by Ariel Kahana
Foreign minister assured US Secretary of State Antony Blinken Israel would OK key diplomatic office once state budget passes despite Bennett's opposition," diplomatic source says.
|US Secretary of State Antony Blinken meets with then-Opposition Leader Yair Lapid, in Jerusalem, May 25, 2021 | File photo: Matty Stern / US Embassy Jerusalem|
Tensions between Israel and the US over Washington's plans to reopen a key diplomatic office to the Palestinians in Jerusalem stem from a lack of coordination between Prime Minister Naftali Bennett and Foreign Minister and Prime Minister-designate Yair Lapid, according to a diplomatic source with knowledge of the issue.
Lapid offered US Secretary of State Antony Blinken his preliminary commitment the US would be able to reopen the de-facto embassy to the Palestinians in one of his first phone calls with the senior White House official as foreign minister, the official told Israel Hayom.
In his conversations with Blinken, Lapid noted the government's sensitive political make-up and advised Washington to delay the move until after the Knesset passes a budget, a move Lapid explained would ensure government stability in Jerusalem. Blinken accepted Lapid's position, nevertheless working behind the scenes to advance the move inside the US State Department.
Nevertheless, around one month after the so-called "unity government" was sworn in in Jerusalem, Bennett's advisors began to hold talks with US President Joe Biden's administration on the subject. National Security Adviser Eyal Hulata and Bennett adviser Shimrit Meir visited the White House in Washington in early August in preparation for the premier's visit. In those talks, the two Israeli officials emphasized Bennett's opposition to the opening of the Palestinian consulate was a matter of principle and unrelated to political timing. Bennett would continue to oppose the move after the budget had passed, they explained.
Administration officials were reportedly surprised by Hulata's and Meir's stance as well as disappointed by the inconsistent Israeli position on the issue. "One of the reasons Blinken announced his intention of opening the consulate last week precisely when Lapid was by his side and with the knowledge Israel opposed [the move] was that Lapid had misled him," the source told Israel Hayom.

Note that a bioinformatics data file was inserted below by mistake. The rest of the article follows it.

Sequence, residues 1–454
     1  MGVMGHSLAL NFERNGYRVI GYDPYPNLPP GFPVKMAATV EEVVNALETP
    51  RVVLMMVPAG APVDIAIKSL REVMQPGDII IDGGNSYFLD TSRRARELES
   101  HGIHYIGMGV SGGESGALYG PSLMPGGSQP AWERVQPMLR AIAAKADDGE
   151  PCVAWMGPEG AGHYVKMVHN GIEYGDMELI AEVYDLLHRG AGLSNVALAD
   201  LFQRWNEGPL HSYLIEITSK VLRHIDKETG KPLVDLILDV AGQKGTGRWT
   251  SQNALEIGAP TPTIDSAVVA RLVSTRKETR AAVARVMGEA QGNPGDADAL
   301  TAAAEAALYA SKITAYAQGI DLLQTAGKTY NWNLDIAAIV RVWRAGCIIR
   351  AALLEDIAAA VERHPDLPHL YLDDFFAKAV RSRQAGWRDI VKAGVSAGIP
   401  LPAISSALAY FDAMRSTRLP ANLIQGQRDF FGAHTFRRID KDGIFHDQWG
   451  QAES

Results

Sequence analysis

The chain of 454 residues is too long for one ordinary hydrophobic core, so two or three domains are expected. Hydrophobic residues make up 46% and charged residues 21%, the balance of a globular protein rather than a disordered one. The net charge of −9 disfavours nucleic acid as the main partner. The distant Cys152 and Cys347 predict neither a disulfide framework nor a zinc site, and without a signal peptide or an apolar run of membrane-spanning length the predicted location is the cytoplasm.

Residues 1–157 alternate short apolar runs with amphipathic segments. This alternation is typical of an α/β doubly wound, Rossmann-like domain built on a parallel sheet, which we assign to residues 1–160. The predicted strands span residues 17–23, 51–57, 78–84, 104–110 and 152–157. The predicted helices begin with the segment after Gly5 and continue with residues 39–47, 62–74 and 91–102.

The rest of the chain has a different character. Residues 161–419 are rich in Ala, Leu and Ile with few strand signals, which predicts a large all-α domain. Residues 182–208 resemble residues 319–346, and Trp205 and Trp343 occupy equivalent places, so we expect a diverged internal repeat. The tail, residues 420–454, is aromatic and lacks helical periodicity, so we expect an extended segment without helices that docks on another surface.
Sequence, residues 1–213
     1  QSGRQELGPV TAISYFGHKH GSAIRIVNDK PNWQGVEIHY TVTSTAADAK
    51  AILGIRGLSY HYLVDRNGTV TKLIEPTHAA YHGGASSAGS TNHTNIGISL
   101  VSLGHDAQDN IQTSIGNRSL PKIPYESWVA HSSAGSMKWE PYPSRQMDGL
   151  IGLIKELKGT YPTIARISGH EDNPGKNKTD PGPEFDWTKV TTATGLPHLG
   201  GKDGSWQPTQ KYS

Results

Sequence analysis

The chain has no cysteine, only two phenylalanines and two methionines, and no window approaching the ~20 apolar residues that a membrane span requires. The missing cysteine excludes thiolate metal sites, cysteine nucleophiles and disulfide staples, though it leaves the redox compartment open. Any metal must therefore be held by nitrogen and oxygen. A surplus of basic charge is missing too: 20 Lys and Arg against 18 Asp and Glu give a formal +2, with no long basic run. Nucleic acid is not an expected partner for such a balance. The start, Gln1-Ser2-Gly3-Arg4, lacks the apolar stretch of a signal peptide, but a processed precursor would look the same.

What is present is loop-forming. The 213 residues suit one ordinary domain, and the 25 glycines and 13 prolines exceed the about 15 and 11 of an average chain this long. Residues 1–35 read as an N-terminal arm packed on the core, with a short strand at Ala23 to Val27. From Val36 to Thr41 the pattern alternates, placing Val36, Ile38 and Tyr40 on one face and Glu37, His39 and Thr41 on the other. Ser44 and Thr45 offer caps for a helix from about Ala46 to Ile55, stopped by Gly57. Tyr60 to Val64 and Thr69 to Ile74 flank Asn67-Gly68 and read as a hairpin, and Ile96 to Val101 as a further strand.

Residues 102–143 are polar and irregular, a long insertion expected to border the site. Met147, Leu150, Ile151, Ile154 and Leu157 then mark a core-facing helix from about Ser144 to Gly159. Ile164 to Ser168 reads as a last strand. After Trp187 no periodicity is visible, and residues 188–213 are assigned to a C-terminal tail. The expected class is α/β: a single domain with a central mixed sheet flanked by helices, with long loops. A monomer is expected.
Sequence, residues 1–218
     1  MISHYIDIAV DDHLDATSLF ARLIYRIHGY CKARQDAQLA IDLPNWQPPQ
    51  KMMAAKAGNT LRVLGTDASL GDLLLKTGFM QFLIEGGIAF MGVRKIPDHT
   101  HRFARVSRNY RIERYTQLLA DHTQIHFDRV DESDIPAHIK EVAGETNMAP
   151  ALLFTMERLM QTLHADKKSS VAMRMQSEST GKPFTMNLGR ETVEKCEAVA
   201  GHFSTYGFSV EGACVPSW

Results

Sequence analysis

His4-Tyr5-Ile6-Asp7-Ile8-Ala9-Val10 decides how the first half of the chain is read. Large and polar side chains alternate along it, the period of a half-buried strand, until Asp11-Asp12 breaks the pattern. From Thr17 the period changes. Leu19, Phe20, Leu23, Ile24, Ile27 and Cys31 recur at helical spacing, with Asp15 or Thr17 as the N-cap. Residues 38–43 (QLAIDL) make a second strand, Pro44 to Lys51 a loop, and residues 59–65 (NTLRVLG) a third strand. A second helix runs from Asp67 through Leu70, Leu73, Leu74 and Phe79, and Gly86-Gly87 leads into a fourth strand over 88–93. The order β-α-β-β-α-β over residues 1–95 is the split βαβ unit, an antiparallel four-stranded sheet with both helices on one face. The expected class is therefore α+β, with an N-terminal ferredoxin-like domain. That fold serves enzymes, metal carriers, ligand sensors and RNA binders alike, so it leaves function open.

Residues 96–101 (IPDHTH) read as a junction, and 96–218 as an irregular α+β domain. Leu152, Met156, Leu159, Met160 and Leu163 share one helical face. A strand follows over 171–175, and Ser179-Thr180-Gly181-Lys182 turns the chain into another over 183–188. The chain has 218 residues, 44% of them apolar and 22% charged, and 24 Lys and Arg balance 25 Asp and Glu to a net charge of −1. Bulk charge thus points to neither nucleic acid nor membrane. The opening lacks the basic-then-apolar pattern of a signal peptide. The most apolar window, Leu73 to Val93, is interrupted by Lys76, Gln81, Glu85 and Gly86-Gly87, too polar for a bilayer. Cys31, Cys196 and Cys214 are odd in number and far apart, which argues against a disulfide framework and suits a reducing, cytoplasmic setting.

US presses ahead with Palestinian consulate in Jerusalem
US Secretary of State Antony Blinken on Wednesday said that the Biden administration plans to press ahead with its plan as part of efforts to deepen ties with Palestinians,
However, he stopped short of setting a date for reopening the consulate.
Speaking at a news conference with visiting Foreign Minister Yair Lapid and United Arab Emirates Sheikh Abdullah Bin Zayed Al Nahyan, Blinken said, "We'll be moving forward with the process of opening a consulate as part of deepening of those ties with the Palestinians."
Lapid has denied the reports, saying he has opposed the opening of a Palestinian consulate from Day 1. He also denied the US planned to unilaterally open the consulate if Israeli officials were unable to reach a decision on the move.
"The prime minister's consistent stance since the beginning of his term has been and remains that there is no room for a consulate in Jerusalem. This position was also relayed during the prime minister's visit to Washington as well as through the strategic adviser in talks with the US administration officials. The foreign minister has consistently expressed [support for] the same position in his talks with the Americans, including during his successful Washington trip," the Prime Minister's Office said in a statement.
The US Embassy in Jerusalem and the US State Department declined to comment.
Likud MK Nir Barkat, who has been involved in the issue over the last two months, reiterated that Jerusalem and Washington had agreed the step would be implemented once the state budget has passed.
"The agreement with Lapid and Bennet is for the Americans not to act before the budget is passed to allow for the government's continued existence, but once the budget passes, the plan is for the new [US] Ambassador [to Israel Thomas R.] Nides to arrive in Israel to unilaterally open the de-facto Palestinian consulate. The objective of opening the Palestinian consulate is to determine on the ground Jerusalem as the capital of Palestinian and advance the establishment of a Palestinian state," Barkat said.